After I was done, I was looking at where the pan was leaking, and noticed that a drop of ATF was hanging directly on a barely noticeable "line". Ran my finger across that line and sure enough, the brand new pan is bent. I am so flippin' unthrilled about that.

So now, I'll be draining the gallon of ATF out of that pan and putting the old pan back on (thankfully it has a plug, which is the whole reason that I went with a new pan).

Does anyone think that it'll be beneficial to try and hammer that area of the pan flat (upside down, using the flat end of a 3/8 socket extension)? Or just fuggit, put the old pan back on and call it a day? Maybe Rock-Auto will overnight me a replacement if I get cranky with 'em.
 

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'05 Escallade ESV Plat., '16 Z51 Corvette, '03 Avalanche, 12 Lexus IS350C
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162 Posts
I've never had good luck trying the straighten an oil pan that had a bent rail unless I was only using Ultra-Black like on a differential cover.
 

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2005 ESV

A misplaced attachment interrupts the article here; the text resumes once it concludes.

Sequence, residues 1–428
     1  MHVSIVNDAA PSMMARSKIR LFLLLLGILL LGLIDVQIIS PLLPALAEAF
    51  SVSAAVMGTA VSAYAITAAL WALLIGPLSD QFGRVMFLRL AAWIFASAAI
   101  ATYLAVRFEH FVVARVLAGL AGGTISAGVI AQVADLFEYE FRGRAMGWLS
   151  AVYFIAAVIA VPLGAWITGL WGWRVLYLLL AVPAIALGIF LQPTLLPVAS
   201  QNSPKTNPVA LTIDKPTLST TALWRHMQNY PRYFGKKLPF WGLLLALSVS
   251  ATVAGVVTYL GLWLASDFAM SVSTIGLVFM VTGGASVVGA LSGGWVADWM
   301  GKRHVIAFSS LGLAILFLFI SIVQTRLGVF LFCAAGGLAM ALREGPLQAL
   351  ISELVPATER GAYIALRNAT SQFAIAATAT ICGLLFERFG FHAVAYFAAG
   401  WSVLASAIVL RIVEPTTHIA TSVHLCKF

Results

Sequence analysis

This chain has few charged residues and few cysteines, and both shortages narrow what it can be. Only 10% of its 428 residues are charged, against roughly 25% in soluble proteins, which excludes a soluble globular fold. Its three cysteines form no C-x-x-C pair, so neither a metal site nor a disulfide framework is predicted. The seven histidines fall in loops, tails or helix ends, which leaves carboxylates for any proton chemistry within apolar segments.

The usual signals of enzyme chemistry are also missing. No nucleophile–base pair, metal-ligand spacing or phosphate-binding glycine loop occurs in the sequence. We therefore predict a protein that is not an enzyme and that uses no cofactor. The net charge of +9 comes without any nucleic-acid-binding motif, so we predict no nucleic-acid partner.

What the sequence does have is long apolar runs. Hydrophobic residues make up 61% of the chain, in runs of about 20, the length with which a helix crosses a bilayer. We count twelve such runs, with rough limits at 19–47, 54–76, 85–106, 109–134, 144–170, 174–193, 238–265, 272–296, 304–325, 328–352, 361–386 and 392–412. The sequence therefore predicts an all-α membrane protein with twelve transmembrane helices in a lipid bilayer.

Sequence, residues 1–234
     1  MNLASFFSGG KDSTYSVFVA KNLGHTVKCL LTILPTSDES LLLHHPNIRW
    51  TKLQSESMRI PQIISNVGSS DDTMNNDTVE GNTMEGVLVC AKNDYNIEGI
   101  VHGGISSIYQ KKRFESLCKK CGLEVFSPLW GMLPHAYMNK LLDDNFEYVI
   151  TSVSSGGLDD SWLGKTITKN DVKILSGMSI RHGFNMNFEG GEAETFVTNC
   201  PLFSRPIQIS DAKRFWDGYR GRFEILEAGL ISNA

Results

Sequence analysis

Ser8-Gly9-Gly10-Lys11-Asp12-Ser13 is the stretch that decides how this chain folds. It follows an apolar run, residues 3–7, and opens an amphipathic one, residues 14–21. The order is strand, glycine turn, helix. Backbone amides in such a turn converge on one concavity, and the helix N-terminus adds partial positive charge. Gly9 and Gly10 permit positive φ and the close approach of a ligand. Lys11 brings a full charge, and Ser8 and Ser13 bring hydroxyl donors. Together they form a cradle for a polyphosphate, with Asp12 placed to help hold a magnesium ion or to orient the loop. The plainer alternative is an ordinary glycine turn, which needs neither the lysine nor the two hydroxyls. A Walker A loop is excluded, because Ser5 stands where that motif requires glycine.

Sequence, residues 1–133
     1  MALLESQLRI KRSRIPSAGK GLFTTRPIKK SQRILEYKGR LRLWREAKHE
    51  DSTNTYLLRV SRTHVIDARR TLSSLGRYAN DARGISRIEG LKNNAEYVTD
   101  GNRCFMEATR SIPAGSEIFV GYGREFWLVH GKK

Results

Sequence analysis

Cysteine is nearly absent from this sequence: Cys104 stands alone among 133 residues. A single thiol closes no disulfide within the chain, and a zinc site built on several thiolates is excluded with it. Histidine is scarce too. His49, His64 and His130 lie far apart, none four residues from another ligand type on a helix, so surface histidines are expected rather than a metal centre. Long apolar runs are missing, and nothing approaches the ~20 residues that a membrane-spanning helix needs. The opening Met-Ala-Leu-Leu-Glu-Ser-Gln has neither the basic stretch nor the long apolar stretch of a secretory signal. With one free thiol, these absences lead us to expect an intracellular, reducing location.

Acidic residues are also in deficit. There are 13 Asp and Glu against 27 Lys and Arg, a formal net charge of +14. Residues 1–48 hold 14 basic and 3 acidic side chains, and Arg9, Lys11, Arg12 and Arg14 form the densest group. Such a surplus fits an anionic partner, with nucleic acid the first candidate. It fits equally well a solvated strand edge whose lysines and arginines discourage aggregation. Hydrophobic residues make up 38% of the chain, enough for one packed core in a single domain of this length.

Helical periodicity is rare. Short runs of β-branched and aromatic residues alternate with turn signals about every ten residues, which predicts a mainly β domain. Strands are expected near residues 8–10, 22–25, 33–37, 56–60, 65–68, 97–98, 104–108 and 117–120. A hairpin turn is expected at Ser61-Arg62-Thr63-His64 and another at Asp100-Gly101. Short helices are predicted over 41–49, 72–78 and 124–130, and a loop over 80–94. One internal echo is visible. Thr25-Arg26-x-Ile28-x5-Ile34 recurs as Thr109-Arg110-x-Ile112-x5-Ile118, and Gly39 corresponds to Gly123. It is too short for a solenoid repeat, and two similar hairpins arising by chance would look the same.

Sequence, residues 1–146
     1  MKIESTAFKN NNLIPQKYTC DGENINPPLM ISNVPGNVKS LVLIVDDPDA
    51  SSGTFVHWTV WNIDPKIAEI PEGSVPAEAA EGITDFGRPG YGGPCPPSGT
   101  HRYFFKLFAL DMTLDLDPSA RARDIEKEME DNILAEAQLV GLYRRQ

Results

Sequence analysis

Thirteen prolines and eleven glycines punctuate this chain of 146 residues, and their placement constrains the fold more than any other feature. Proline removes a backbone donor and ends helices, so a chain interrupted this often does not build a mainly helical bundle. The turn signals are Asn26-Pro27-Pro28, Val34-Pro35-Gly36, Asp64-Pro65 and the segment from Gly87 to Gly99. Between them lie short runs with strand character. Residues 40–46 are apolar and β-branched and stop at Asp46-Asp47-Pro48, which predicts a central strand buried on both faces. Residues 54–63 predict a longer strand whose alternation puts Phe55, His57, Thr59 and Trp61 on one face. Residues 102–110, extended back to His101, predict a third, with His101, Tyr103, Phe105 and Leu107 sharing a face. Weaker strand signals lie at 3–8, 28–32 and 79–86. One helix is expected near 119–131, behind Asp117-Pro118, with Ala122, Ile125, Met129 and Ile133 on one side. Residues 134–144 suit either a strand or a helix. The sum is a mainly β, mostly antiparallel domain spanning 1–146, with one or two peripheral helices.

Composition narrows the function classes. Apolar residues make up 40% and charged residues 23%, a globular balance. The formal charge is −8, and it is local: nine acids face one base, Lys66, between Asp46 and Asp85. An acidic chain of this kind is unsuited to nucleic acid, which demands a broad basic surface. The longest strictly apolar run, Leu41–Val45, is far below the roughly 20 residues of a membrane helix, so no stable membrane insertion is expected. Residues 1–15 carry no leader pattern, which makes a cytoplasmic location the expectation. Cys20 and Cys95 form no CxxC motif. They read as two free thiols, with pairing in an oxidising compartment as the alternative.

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78 Posts
Discussion Starter #4
I've never had good luck trying the straighten an oil pan that had a bent rail unless I was only using Ultra-Black like on a differential cover.
Yeah, I figured that it would just mangle the pan and cause more damage than good. I have a replacement on the way now, but it'll take a few days to get here. I guess it'll have to do, especially considering the fact that I won't be able to tackle it until this weekend anyways. Needless to say, I will be scrutinizing the heck out of that new pan when it arrives.
 

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2006 Escalade AWD w/DiabloSport tuner,Jet Performance throttle body/MAF,Airaid MIT
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1,430 Posts
Just a quick update. I took a few minutes on my lunch hour to crawl under there are torque those bolts up to the correct 16 NM (11.8 Ft lbs). There was almost no turning necessary, maybe a 1/8th or 1/16th of a turn.